fully operational, world access will be achieved in 4 days, with cartographic coordinates are derived from the master dataset.
the ability of simultaneous stereoscopic or tri-stereoscopic in- These features are then used as GCPs in the orthorectification
track acquisitions (CNES, 2005). process.

On September 2004 Orbimage announced that the company AGE is based on an image-to-image registration approach
contract with the National Geospatial-Intelligence Agency derived from the digital photogrammetry (Heipke, 1997) that
(NGA) for the distribution of their OrbView-3 HR satellite use the Frstner interest operator (Frstner, 1982; Frstner
imagery until 2008, will provide Orbimage the capital for the 1985), a sub-pixel least squares matching and a robust outlier
development of next-generation ultra-high-resolution (UHR) estimator based on the least median squares for the automatic
imaging satellite OrbView-5. The OrbView-5 satellite actually collecting and measurement of ground control points (GCPs)
is accredited to be the first civil observing satellite with less extracted from image pairs. Figure 1 show the flowchart of the
than half-meter resolution. In a sun-synchronous orbit at 660 AGE algorithm. An exhaustive description of the AGE
km above the Earth, it will be able to collect imagery with 0.41 technique can be found in Chirici et al. (2004) and in Gianinetto
m GSD in the panchromatic mode and with 1.64 m GSD in the et al. (2004).
multispectral mode (Orbimage, 2005).

3. AUTOMATIC GEOCODING OF SATELLITE DATA

The high geometric detail of the actual (QuickBird, Ikonos,


Eros-A1, SPOT-5, OrbView-3) and future satellites (Pliades
HR, OrbView-5, Eros-B) is introducing the possibility of using
them to derive and to upgrade large and medium scale maps. In
particular, the goal which sounds today achievable is to upgrade
topographic maps up to 1: 10,000 scale. Today higher scale
maps are not reasonable derivable, because of the high
planimetric accuracy needed and even if the actual pixel size of
some spaceborne sensors (like QuickBird) is compatible with
higher scale maps, the limiting factor for the map production
and upgrade process is the image orthorectification step.

The geometric correction of HR satellite images can be carried


out through parametric (rigorous) models based on the
photogrammetric collinearity equations, or, more frequently,
using generic non-parametric models that relates image to
terrain coordinates. Traditional approaches to image geocoding
relies on the measurement of a sufficient number of GCPs in
both the ground and the image reference systems which are
used to compute a geometric transformation between the two
reference systems.

The most frequently used non-parametric method is based on


the 3D Rational Function Model (RFM), which determines a
relationship between image coordinates (x, y) and 3D object
coordinates (E, N, Z) through polynomial ratios (Dowman and
Tao, 2002; Boccardo et al., 2003; Zhizhong Xu, 2004; Toutin.,
2004). The most critical element of the RFM technique is the
strong dependence of the solution from the number and the
distribution of GCPs. Bad configuration, such as small number
of GCPs not regularly distributed, can easily lead to heavy
distortions (asymptotes) over the corrected images. Best results,
on the contrary, are obtained with a large number of GCPs with
a regular planimetric and altimetric distribution. Unfortunately,
the GCP collimation is a widely time-consuming operation and
not always a simple task. Figure 1. Flowchart of the AGE algorithm
Recently it has been proposed a non conventional 4. DATA SIMULATION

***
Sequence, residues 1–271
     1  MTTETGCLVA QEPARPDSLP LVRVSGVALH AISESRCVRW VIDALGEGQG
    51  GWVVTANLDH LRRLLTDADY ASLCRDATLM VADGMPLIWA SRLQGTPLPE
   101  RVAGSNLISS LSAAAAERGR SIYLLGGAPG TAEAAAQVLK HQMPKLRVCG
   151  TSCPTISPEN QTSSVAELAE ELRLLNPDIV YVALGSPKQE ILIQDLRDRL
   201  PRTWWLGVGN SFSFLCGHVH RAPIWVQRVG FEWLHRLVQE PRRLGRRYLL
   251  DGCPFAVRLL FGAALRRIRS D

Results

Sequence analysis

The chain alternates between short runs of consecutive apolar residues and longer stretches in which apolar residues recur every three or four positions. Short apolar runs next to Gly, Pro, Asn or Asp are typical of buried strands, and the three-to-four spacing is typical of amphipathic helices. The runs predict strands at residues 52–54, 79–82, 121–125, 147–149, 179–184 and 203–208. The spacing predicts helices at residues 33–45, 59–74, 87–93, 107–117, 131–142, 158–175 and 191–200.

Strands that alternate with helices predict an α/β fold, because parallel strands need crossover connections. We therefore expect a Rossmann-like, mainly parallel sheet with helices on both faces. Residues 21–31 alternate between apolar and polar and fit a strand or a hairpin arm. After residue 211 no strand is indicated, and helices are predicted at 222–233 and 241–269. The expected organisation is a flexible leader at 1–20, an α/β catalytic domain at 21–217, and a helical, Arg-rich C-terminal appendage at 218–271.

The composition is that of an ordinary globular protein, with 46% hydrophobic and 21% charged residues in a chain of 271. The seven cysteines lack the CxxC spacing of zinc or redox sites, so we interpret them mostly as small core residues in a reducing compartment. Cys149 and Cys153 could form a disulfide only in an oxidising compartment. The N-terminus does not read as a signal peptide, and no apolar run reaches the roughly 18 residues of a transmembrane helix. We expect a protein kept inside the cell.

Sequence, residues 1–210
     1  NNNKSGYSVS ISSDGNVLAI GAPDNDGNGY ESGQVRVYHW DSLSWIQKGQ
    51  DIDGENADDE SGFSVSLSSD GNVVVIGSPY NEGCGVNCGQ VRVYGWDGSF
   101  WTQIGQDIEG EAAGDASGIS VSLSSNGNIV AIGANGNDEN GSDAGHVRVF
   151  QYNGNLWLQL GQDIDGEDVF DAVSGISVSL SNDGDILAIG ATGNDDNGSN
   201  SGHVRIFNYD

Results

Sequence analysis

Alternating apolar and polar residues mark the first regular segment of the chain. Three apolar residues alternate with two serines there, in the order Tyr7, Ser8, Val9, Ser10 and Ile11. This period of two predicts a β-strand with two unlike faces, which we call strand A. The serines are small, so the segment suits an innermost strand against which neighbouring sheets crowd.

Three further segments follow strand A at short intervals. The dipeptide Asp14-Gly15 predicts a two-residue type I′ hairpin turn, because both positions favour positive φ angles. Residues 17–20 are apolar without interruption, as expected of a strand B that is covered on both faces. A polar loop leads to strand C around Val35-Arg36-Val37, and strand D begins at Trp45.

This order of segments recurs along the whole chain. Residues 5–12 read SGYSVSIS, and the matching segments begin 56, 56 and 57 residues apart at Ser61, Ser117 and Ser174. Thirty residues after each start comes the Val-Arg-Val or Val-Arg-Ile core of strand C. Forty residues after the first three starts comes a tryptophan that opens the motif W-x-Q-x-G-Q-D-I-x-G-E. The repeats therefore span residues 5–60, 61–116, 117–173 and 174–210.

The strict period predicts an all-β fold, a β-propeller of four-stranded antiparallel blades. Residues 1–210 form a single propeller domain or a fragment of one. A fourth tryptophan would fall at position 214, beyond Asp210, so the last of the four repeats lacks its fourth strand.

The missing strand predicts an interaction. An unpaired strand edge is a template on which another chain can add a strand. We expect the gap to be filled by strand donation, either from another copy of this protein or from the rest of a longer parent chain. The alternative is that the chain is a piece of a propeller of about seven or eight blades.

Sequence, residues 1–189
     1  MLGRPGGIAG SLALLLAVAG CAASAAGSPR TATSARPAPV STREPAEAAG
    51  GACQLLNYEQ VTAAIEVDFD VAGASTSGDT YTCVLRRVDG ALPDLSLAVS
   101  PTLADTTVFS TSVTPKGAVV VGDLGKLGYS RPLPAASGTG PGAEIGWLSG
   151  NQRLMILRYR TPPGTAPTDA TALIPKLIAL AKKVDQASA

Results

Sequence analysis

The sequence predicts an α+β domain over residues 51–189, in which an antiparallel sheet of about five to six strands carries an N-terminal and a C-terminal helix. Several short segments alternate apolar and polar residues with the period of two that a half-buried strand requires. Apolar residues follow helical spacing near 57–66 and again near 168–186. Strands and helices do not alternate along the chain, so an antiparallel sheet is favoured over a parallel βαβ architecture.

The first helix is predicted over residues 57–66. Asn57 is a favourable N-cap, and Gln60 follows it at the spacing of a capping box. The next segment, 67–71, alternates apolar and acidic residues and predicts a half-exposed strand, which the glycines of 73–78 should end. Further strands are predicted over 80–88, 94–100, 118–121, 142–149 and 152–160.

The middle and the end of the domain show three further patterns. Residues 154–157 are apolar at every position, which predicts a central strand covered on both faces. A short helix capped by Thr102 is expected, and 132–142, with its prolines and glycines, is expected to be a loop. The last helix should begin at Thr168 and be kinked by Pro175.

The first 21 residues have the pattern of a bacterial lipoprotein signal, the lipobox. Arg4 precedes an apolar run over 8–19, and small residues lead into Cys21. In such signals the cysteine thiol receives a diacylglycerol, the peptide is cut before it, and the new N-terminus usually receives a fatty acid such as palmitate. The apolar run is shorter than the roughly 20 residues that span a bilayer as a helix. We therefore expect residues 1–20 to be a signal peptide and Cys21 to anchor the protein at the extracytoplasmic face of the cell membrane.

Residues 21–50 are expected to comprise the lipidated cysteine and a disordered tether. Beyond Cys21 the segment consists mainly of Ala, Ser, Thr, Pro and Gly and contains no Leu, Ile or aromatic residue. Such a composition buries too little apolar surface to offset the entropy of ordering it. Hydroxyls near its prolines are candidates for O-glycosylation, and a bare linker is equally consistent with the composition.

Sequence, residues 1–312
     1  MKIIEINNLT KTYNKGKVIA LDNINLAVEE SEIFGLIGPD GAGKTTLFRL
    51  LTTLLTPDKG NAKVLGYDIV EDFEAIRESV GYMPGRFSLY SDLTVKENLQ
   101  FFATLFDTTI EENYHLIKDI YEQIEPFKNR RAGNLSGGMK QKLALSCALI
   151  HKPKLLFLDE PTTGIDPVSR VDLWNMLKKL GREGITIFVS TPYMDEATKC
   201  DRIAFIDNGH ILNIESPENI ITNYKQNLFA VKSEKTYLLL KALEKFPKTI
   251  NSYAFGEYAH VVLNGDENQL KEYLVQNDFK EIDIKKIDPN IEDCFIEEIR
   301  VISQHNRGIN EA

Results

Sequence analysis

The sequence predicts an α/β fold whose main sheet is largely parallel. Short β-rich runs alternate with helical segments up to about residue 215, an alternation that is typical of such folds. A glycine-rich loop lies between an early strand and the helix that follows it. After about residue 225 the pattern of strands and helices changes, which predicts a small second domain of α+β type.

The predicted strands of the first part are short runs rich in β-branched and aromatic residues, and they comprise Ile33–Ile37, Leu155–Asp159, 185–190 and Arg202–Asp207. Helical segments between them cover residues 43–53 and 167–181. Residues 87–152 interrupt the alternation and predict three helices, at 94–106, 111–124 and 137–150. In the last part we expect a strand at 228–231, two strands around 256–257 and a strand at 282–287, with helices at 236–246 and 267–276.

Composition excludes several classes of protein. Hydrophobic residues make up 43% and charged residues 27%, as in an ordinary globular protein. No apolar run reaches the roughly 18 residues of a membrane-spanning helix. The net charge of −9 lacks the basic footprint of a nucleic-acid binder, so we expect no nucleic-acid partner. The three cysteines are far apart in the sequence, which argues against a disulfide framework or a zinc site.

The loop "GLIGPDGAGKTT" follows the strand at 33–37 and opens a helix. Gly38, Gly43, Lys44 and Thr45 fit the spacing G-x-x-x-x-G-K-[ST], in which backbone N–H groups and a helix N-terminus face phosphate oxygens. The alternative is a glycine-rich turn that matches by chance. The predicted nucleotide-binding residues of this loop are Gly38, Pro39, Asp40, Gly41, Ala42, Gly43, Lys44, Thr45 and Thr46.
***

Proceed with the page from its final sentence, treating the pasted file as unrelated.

orthorectification processing chain based on the Automatic
Ground control points Extraction (AGE) technique (Scaioni and Simulations of Pliades HR and OrbView-5 panchromatic
Gianinetto, 2003), a Neural Network Multi Layer Perceptron imagery have been made for a test site in the city if Venice
(NNMLP) GCPs regularization and a final self-computed RFM (Italy) at the Arsenale di Venezia (Venice arsenal) location. The
Arsenale di Venezia may be considered the first factory of the 5. RESULTS
history and constitutes a very wide part of the insular city of
Venice. It was the heart of the naval Venetian industry from the 5.1 Pliades HR simulations
XII Century and, thanks to the ships here built, Venice
succeeded to oppose the turkishes in the Aegean Sea and to The nadir Pliades HR imagery simulated from the aerial
conquer the courses of the northern Europe. orthophotos (Figure 4) has been processed with the AGE
technique, using as master image the same orthophotos
For both the Pliades HR and OrbView-5 tests, nadir synthetic resampled to match the Pliades HR resolution. 172 GCPs with
data have been generated from 1:1,000 scale map aerial high correlation values (=0.80) have been automatically
orthophotos (Figure 2), and, for the Pliades HR, an off-nadir extracted around the Arsenale di Venezia. Figure 4 show the
simulation with 8.63 in-track view angle and 9.20 cross-track Pliades HR simulation obtained from the aerial orthophotos
view angle has been also made from a real QuickBird survey with superimposed the GCPs identified by the matching
(Figure 3). algorithm and Figure 5 show an example of GCP automatically
extracted both on the orthophoto and on the simulated Pliades
The aerial orthophotos have been first resampled from the HR at their original resolution.
original resolution (0.10 m GSD) to the Pliades HR (0.70 m
GSD) and OrbView-5 (0.41 m GSD) planned resolution. Then, Using the QuickBird data, an off-nadir Pliades HR image was
the resampled data have been geometrically deformed using a simulated with 8.63 in-track view angle and 9.20 cross-track
second order polynomial function with nearest neighbor (NN) view angle. In this second test, 173 GCPs with 0.80 correlation
interpolation to simulate a geographic displacement. Finally, value have been automatically extracted and geocoded. Figure 6
blurring was added to the images using a low pass filter with show the Pliades HR simulation obtained from the QuickBird